RE: Undo Usage and Read consistency - ORA-1555 Correction

From: Mark W. Farnham <>
Date: Tue, 14 Jul 2009 16:35:33 -0400
Message-ID: <>

That is an interesting way to look at it, and not invalid, but it does omit one case.  

That case is when the query that ultimately becomes the victim of the evaporated read consistent UNDO would have seen the changed value because the more aggressive commits would have occurred before the query started. That is the sense in which a commit helps the situation.  

So, continuing this viewpoint, it can been seen that depending on how very long in duration change transactions are, having more frequent commits might spare some queries because there would tend to be fewer outstanding blocks in UNDO when each query starts.  

But it may also be the way you see it - at least the uncommitted transaction continues to pin the undo blocks so a subsequent query dependent on just that transaction's blocks of UNDO for read consistency cannot fall victim to 1555. The transaction might break, in which case it will be rolled back, but the UNDO cannot disappear while it might still be needed to roll back or present a read consistent "snapshot" (as in snapshot too old).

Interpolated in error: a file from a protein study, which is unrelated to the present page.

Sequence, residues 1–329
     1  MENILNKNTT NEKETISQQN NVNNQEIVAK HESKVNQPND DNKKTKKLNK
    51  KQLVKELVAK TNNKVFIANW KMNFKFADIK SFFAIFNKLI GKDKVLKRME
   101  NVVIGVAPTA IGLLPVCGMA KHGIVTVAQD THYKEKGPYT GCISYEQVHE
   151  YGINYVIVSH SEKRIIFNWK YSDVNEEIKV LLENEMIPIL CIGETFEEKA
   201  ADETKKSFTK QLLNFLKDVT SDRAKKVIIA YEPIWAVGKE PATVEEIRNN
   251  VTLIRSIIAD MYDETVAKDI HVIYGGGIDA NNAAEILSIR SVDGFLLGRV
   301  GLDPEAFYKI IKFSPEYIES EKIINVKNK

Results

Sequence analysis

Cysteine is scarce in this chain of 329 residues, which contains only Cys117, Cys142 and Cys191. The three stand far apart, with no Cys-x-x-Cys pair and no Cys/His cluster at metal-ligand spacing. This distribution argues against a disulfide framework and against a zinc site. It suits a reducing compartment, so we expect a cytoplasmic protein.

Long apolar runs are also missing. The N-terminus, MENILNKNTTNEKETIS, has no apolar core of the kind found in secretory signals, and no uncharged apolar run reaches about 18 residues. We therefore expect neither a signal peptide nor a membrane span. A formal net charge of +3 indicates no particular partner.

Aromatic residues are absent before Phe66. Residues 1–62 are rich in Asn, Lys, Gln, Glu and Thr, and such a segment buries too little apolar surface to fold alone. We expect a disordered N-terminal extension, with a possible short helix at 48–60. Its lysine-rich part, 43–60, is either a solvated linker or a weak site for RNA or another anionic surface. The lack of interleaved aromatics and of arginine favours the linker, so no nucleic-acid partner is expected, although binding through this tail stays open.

The fundamental problem is a mismatch between the triplet of transaction duration and undo volume, query duration, and the amount of undo available to support a sufficient UNDO retention.  

When there is sufficient UNDO space and retention is specified appropriately to support the transaction and query volumes and duration, the more frequent commits will not actually cause 1555.  

Unless it is plausible to tightly tune UNDO space to keep it in cache and the amount of UNDO you are left with rarely generates 1555 in your particular situation, I have long held that a gigantic over-availability of UNDO and a long retention time will serve you well. Tuning UNDO tightly is usually a mistake. Reasonably frequent commits, as long as compatible with transaction restarts are usually a good idea. As you've written, EXCESSIVE commits is usually a mistake as well.  

I think I know what I mean, and I hope I wrote it well enough to be understandable.  



From: [] On Behalf Of Baumgartel, Paul
Sent: Tuesday, July 14, 2009 3:48 PM
Subject: RE: Undo Usage and Read consistency - ORA-1555 Correction  

I fail to see how a commit helps this situation. Usually it's excessive commits (like periodic commits in a long-running operation) that contribute to this problem, by freeing up undo blocks to be re-used and overwritten.  



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Received on Tue Jul 14 2009 - 15:35:33 CDT

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